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Nonepileptic Behavioral Disorders: Diagnosis and Treatment

Benbadis, Selim R. MD

CONTINUUM: Lifelong Learning in Neurology:
doi: 10.1212/01.CON.0000431399.69594.de
Review Articles
Abstract

Purpose of Review: This article will review the important steps in making an accurate diagnosis of psychogenic nonepileptic events or episodes (PNEE), and recent developments in diagnosis and treatment.

Recent Findings: Several clues can be obtained from the history to help the clinician suspect the diagnosis of PNEE. While none of these clues are diagnostic on their own, each is valuable, and there are often multiple clues in a given patient. Clinical clues have limitations, and once PNEE is suspected, video-EEG monitoring remains the gold standard and the only way to make a definite diagnosis of PNEE. Like most tests, video EEG has its limitations, but in most cases the diagnosis can be made and is not difficult. Regarding treatment, growing evidence exists that psychotherapy, especially cognitive behavior therapy, is effective, and a recent finding is that pharmacotherapy may have a role.

Summary: The diagnosis of PNEE can be made reliably, but the management of PNEE remains problematic, in large part because of the insufficient involvement of mental health professionals.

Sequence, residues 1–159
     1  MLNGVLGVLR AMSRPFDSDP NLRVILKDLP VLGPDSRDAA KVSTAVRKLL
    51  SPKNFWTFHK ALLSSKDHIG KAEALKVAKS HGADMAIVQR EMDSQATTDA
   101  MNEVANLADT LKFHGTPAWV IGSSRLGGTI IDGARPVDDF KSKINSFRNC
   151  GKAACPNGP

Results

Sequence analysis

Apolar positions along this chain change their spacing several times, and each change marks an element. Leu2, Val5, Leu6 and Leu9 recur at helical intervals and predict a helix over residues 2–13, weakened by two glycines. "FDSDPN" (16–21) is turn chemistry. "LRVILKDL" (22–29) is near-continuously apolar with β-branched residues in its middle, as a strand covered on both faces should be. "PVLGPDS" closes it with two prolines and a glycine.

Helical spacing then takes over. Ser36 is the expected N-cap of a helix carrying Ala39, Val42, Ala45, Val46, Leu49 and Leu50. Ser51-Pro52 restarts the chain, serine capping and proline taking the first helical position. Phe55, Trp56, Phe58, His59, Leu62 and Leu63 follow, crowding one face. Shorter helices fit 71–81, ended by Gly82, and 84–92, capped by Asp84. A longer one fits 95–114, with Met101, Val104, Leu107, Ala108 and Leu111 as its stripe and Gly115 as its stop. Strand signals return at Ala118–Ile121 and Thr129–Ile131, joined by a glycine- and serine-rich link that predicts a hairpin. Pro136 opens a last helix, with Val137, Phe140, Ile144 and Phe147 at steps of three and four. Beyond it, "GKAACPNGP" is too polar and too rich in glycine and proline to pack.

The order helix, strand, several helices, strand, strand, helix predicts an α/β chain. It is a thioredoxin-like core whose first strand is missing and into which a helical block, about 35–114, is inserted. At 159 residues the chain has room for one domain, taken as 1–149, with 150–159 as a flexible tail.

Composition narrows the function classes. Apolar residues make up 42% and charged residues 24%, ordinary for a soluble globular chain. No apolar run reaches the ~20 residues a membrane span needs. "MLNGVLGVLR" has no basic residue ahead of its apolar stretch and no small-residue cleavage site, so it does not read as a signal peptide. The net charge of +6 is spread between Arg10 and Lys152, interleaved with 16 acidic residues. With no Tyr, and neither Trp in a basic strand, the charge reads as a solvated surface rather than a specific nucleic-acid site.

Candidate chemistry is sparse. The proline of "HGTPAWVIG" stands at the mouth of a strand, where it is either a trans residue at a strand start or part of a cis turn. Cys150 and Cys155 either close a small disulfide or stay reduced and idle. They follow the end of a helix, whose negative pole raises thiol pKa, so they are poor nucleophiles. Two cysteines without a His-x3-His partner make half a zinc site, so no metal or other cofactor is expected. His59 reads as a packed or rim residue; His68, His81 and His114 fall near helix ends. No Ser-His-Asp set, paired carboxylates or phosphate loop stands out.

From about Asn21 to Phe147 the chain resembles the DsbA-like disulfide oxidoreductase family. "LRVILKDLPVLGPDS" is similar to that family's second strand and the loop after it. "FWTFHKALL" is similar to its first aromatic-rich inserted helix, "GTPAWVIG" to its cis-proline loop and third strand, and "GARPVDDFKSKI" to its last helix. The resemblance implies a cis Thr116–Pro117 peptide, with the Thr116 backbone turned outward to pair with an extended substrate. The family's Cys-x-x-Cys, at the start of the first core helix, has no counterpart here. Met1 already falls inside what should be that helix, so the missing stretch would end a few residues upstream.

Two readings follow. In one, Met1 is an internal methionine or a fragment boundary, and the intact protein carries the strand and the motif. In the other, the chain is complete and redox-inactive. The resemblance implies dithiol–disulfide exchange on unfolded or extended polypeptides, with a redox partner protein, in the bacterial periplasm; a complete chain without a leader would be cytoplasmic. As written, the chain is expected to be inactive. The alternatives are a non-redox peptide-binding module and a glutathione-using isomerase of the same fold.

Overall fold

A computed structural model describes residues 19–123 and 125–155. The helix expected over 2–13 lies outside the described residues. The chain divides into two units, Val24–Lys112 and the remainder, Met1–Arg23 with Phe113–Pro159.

Author Information

Address correspondence to Dr Selim R. Benbadis, University of South Florida and Tampa General Hospital. 2 Tampa General Circle, Floor 6, Tampa, Florida 33606, sbenbadi@health.usf.edu.

Relationship Disclosure: Dr Benbadis is a member of the speakers bureau and serves as a consultant for Cyberonics, Inc, GlaxoSmithKline, Lundbeck, Supernus Pharmaceuticals, Inc, and UCB; serves as an editor for Medscape-WebMD, LLC; and receives research support from Lundbeck, Sunovion Pharmaceuticals, Inc, Supernus Pharmaceuticals, Inc, and UCB.

Unlabeled Use of Products/Investigational Use Disclosure: Dr Benbadis reports no disclosure.

Supplemental digital content: Videos accompanying this article are cited in the text as Supplemental Digital Content. Videos may be accessed by clicking on links provided in the HTML, PDF, and iPad versions of this article; the URLs are provided in the print version. Video legends begin on page 48.

© 2013 American Academy of Neurology